“I came to TUFF with little background experience or knowledge in project finance, so every day I learn a little bit more about the wide array of tools and mechanisms that are used by international development financiers,” said recent graduate Jack Mackey ’21.
Poojitha Tanjore ’23, an International Relations major, had some words of encouragement for new TUFF team members: “You’re going to get really good at reviewing source materials in languages you don’t speak, and it will be a skill you can use in many different types of jobs down the line.”
Part of the team
Work on the TUFF team has been largely remote for over a year due to the COVID-19 pandemic, but that has not diminished team interaction and bonding.
“My teammates and I usually work on different projects or tasks, but we are still able to connect with each other and learn about each other’s work and life through weekly meetings,” said Qin. “These interactions can bring much-needed cheer during COVID.”
The flexible work schedule and team dynamic is a draw for most student research assistants.
“It’s an extremely collaborative environment, and we definitely laugh a lot,” said Sam Rofman ’22, a Data Science major. “The TUFF team is also globally-minded and we’re not afraid to geek out over data. I’d say we’re a group of intellectually curious problem solvers. When there’s a super complicated or difficult project, our perseverance and dedication really shine through. We’re pretty ‘TUFF cookies’ if you ask me (be sure to check out our team shirts!),” said Rofman.
Shufer encouraged others to join the team: “TUFF is an incredibly rewarding experience, as not only is it quite tough—pun intended—but there is also a great support system, and the people around you are always willing to help out to make sure that you are on track.”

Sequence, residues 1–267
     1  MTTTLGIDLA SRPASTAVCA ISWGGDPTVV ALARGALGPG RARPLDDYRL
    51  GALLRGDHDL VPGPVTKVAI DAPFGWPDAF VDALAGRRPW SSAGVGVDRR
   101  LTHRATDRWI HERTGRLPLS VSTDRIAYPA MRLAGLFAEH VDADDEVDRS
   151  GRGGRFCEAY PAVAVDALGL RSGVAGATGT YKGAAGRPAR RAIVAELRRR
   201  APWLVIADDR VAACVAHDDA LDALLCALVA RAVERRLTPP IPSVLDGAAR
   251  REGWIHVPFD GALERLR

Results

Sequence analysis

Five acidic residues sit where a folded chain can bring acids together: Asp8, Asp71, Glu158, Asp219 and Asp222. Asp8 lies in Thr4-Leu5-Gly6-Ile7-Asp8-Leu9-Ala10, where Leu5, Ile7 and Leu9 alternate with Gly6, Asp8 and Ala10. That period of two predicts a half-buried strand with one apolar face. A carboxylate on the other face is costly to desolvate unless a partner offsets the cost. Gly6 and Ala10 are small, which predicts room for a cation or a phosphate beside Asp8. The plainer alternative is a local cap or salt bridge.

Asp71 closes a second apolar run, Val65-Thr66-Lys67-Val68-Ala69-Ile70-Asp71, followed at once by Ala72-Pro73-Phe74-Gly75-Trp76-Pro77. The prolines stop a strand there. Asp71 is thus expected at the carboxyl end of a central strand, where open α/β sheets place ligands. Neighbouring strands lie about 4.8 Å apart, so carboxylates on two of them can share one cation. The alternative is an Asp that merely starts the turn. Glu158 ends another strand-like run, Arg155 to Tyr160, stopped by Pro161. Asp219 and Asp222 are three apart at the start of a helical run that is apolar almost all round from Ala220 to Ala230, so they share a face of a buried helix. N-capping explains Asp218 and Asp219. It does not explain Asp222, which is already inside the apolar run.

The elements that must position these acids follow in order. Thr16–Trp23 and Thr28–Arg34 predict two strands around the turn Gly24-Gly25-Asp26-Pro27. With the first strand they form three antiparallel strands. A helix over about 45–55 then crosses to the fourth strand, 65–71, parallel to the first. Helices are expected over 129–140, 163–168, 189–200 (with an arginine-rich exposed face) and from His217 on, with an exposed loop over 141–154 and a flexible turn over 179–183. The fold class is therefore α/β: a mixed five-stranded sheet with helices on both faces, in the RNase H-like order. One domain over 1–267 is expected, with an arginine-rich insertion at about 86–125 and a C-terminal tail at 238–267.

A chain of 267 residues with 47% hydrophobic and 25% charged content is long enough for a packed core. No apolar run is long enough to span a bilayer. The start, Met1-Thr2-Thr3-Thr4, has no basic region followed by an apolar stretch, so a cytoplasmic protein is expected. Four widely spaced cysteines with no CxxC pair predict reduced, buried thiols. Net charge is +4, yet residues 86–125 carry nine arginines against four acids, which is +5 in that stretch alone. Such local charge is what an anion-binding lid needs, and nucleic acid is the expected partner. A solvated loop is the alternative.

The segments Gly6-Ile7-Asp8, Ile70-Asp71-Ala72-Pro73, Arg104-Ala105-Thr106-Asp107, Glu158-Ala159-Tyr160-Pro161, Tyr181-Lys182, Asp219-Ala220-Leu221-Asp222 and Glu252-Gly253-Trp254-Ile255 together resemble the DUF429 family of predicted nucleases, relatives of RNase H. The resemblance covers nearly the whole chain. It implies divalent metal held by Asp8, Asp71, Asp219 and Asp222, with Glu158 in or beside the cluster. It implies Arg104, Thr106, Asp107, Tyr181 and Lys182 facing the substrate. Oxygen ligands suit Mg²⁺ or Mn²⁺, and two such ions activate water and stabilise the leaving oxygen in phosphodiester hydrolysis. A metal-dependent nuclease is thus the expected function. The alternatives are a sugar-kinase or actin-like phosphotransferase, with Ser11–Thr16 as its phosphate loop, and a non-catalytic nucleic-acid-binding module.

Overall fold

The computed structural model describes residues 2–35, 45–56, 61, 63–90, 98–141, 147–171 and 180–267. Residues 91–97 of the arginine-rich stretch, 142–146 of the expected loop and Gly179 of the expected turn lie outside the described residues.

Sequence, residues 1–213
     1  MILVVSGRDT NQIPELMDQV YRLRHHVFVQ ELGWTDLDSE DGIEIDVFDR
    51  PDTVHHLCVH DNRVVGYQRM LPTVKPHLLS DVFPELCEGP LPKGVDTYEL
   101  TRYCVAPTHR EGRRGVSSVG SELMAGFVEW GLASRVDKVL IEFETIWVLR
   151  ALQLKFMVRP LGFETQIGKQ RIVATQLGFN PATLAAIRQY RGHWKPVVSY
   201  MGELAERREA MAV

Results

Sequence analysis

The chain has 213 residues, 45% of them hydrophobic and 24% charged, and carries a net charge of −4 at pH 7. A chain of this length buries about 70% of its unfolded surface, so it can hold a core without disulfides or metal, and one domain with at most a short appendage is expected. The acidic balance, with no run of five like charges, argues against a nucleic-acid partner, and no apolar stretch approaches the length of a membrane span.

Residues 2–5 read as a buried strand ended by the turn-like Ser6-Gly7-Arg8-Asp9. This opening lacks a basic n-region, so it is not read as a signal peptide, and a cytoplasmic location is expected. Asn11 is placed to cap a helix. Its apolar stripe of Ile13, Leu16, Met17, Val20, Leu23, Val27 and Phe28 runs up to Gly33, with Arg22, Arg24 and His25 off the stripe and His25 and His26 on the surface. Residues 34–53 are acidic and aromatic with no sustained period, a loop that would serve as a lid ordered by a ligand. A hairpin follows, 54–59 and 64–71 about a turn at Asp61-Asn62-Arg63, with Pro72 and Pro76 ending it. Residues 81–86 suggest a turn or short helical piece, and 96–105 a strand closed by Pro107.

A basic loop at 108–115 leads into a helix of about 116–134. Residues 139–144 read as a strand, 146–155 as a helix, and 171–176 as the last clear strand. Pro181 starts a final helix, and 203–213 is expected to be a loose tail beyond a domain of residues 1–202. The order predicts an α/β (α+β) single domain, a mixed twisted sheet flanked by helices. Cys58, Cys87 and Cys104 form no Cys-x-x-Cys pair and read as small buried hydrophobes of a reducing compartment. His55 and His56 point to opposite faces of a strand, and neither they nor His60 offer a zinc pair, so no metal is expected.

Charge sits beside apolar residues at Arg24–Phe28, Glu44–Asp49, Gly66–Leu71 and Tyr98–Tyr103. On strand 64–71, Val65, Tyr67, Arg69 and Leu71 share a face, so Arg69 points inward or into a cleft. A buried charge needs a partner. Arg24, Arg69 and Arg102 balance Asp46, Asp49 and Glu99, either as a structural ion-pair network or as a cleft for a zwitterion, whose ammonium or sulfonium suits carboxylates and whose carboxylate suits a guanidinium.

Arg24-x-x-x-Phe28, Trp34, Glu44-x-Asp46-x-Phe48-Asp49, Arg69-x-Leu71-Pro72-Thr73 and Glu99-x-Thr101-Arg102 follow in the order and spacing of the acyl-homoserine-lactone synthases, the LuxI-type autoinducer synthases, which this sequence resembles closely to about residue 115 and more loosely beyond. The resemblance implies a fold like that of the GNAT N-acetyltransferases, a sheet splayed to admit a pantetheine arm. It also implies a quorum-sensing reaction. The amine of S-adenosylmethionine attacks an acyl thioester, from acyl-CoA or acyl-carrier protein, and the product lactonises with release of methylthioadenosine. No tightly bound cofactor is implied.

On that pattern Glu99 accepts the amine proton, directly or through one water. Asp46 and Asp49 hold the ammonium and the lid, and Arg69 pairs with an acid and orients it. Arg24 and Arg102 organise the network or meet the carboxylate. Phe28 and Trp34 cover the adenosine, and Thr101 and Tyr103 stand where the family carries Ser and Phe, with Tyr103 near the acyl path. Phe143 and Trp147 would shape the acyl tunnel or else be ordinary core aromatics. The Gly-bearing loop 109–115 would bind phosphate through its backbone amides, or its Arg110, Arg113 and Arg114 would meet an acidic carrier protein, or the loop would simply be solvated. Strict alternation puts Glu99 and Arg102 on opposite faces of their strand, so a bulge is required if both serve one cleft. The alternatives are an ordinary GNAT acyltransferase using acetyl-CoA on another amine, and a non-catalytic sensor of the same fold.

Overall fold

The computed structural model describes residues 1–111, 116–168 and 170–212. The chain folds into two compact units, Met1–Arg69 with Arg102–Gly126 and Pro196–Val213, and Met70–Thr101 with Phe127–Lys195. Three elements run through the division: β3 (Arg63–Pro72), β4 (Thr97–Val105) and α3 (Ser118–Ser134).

On September 29, AidData staff and student research assistants on the TUFF team are looking forward to releasing the 2.0 version of AidData’s Global Chinese Development Finance Dataset, which will create a stronger evidentiary foundation for ongoing discussion and debate about China’s role as a global benefactor, banker, and builder.
TUFF research assistants, who implemented the updated (2.0) methodology, are especially proud of the fact that the new dataset captures financial and in-kind transfers from an expanded pool of official donors and lenders; documents more of the terms and conditions that govern financial agreements with developing countries; tracks the implementation of projects over time and geographic space with higher levels of measurement precision; and provides detailed narrative descriptions that explain how Chinese development projects are being designed, implemented, monitored, and evaluated in practice.
They hope that the dataset and the accompanying report, Banking on the Belt and Road, will facilitate rigorous analysis and support evidence-based decision-making inside and outside of China.
“This endeavor has been four years in the making, and I’m so proud of the hard work that we’ve put into this dataset,” said Rofman. “I’m also very much looking forward to meeting with the team in person once we’re able. Since I started on the team in Summer 2020, everything has been virtual. It will be fun to discover how tall everyone actually is!”
“The TUFF team’s work is extremely important; our data and analysis is used extensively by policymakers and it fuels the work of leading academics around the world,” said Rory Fedorochko ’22, a History and International Relations major. “It is truly extraordinary that, as college students and recent graduates, we have an opportunity to influence those who make and shape policy on one of the most important issues of our time.”